Woster: I should have known better than to bring up the weather

A twice weekly column from Chamberlain resident and South Dakota Hall of Fame inductee Terry Woster

Terry Woster
Terry Woster

When I saw late last week that forecasters expected winter to make a belligerent return to most of South Dakota for a few days, I was pretty sure it was my fault.

I wouldn’t want anyone to be angry, but I kind of asked for it. I should have known better, because I’ve done it before. In my defense, I had good intentions.

Most of us have had a decent run of pretty nice weather for late January into much of February, haven’t we? Sure, there have been places with snow storms and icy winds and even some bad roads. We expect that in South Dakota. But a good share of the post-New Year weather has been tolerable for a lot of us.

Where I live, for example, the ice shacks that dotted the Missouri River were removed many days ago as the ice left the water. The ice I’ve seen recently has been in chucks floating downstream toward the Gulf of Mexico. That’s how things get when days warm to the upper 30s, low 40s, even a few 50s. As the guy I bumped into at the gas station said over the weekend, “We’ll take all of this kind of winter we can get, am I right?’’ We like to talk that way here in central South Dakota when the weather is mild five or six weeks before actual spring.

I seldom travel. Weather shouldn’t bother me much. During the one recent trip I have made, though - to Pierre and back in a day - I ran into freezing rain near Presho, cut my speed to about 45 mph on the interstate and finished the Highway 83 leg going 25 mph for about 20 miles. Viewing winter weather from behind a windshield can be unnerving. Viewing it from a big picture window that overlooks the river? That’s a whole other thing.


That’s what I was doing the other day when I jinxed things. I like to stand by that window and study the river, the trees, the eagles and owls, the squirrels and stray cats. If a guy can’t do that every so often, what’s the point of being retired, anyway?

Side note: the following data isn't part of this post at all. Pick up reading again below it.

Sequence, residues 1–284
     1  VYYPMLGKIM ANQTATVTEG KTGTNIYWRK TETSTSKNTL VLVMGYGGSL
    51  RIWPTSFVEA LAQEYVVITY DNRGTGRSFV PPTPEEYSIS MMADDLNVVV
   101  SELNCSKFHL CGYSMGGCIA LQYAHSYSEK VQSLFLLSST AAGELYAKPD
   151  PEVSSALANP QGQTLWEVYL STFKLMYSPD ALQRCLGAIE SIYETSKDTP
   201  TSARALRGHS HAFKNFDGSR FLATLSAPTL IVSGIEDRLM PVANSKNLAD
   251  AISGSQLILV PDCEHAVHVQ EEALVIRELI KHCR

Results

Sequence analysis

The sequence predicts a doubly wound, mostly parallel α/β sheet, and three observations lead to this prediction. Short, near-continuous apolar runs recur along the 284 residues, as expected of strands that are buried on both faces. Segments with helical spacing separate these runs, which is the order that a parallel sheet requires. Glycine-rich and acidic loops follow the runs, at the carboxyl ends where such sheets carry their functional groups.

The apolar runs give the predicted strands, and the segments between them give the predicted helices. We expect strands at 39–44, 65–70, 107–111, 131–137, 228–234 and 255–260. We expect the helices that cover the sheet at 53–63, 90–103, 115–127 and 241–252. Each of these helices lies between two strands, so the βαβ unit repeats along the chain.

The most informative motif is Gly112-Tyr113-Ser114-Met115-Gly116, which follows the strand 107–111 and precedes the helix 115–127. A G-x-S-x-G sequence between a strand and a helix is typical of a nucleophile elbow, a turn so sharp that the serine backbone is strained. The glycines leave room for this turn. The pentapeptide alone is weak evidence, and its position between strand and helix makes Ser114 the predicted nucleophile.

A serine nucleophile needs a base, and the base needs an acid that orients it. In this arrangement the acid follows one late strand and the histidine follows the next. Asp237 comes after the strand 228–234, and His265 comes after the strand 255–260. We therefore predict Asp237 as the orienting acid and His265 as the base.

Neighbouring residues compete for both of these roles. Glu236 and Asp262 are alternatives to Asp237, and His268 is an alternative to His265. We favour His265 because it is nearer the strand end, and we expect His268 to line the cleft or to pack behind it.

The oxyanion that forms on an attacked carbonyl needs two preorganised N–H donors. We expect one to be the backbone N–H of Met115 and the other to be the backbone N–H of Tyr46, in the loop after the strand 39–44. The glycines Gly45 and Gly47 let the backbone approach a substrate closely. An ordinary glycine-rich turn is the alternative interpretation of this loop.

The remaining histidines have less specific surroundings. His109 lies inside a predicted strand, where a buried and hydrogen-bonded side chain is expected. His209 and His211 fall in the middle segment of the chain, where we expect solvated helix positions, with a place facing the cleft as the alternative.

As I stood there, it occurred to me that the lawn is incredibly dry. We had to replant much of it after a construction project last spring. We managed to keep it alive through the heat of the summer, and I was counting on snow cover to have it ready to grow when spring actually does arrive. That patch of brittle, yellow-brown grass hasn’t seen snow since, well, I’m not just sure when.

“Hate to say it, but the lawn could use a good blanket of snow,’’ I mused aloud. I meant it, but not enough to really want snow. Wouldn’t you know? The very next evening, the guy on the weather show began talking about a big snowstorm heading our way. He expected it to hit the west last Sunday and move across the state for a few days. Several inches of snow, obnoxious northwest wind and temperatures as much as minus 15 or minus 20 overnights. That’s just rude.

Anyway, I apologize. I said earlier that I should have known better. That’s because some years ago, returning to Pierre after a business trip to Sioux Falls, I detoured through my old farm country north of Reliance. I stopped by the home place, waved at an old neighbor or two and visited the cemetery where my folks are buried now.

It was a week or so before Christmas. I guess the nostalgia got to me. I wrote a column about the journey, saying the only thing missing was a fresh covering of snow for Christmas. I thought people might like the piece.

A couple of days after the column ran in the paper, it snowed like crazy – deep, wind-driven, bitterly cold snow. I shoveled my share or more, since I lived on a corner lot at the time. I got a short letter from a friend. “Satisfied? It’s all your fault.’’

On the bright side this time? Most people no longer write letters.

Related Topics: WEATHER
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